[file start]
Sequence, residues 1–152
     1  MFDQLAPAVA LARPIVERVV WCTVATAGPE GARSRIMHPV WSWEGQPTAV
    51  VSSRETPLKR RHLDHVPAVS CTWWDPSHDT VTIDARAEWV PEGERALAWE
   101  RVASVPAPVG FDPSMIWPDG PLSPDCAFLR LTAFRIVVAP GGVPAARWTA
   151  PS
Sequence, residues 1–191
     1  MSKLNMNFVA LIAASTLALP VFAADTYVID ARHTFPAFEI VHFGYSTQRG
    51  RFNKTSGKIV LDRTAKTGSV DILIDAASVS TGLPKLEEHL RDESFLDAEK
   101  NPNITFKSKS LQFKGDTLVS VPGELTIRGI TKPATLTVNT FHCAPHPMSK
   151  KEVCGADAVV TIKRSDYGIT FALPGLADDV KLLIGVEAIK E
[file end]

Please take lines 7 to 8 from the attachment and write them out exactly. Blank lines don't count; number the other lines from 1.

     1  MSKLNMNFVA LIAASTLALP VFAADTYVID ARHTFPAFEI VHFGYSTQRG
    51  RFNKTSGKIV LDRTAKTGSV DILIDAASVS TGLPKLEEHL RDESFLDAEK